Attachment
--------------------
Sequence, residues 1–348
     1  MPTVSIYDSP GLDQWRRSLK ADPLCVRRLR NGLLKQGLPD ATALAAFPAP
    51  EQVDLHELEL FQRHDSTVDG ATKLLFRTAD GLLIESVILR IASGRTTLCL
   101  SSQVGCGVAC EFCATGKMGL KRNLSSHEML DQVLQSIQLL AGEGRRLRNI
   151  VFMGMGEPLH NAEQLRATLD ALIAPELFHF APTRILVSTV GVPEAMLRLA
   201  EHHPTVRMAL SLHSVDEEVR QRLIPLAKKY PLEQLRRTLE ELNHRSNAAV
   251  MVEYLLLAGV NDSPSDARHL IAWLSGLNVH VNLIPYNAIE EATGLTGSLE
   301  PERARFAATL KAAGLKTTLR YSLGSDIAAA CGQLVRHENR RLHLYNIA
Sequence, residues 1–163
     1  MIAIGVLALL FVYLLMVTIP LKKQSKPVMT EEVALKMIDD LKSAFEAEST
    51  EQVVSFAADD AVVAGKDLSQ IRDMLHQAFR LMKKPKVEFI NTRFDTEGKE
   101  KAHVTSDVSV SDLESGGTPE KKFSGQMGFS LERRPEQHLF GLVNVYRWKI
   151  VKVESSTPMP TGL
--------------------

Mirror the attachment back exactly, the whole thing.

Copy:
Sequence, residues 1–348
     1  MPTVSIYDSP GLDQWRRSLK ADPLCVRRLR NGLLKQGLPD ATALAAFPAP
    51  EQVDLHELEL FQRHDSTVDG ATKLLFRTAD GLLIESVILR IASGRTTLCL
   101  SSQVGCGVAC EFCATGKMGL KRNLSSHEML DQVLQSIQLL AGEGRRLRNI
   151  VFMGMGEPLH NAEQLRATLD ALIAPELFHF APTRILVSTV GVPEAMLRLA
   201  EHHPTVRMAL SLHSVDEEVR QRLIPLAKKY PLEQLRRTLE ELNHRSNAAV
   251  MVEYLLLAGV NDSPSDARHL IAWLSGLNVH VNLIPYNAIE EATGLTGSLE
   301  PERARFAATL KAAGLKTTLR YSLGSDIAAA CGQLVRHENR RLHLYNIA
Sequence, residues 1–163
     1  MIAIGVLALL FVYLLMVTIP LKKQSKPVMT EEVALKMIDD LKSAFEAEST
    51  EQVVSFAADD AVVAGKDLSQ IRDMLHQAFR LMKKPKVEFI NTRFDTEGKE
   101  KAHVTSDVSV SDLESGGTPE KKFSGQMGFS LERRPEQHLF GLVNVYRWKI
   151  VKVESSTPMP TGL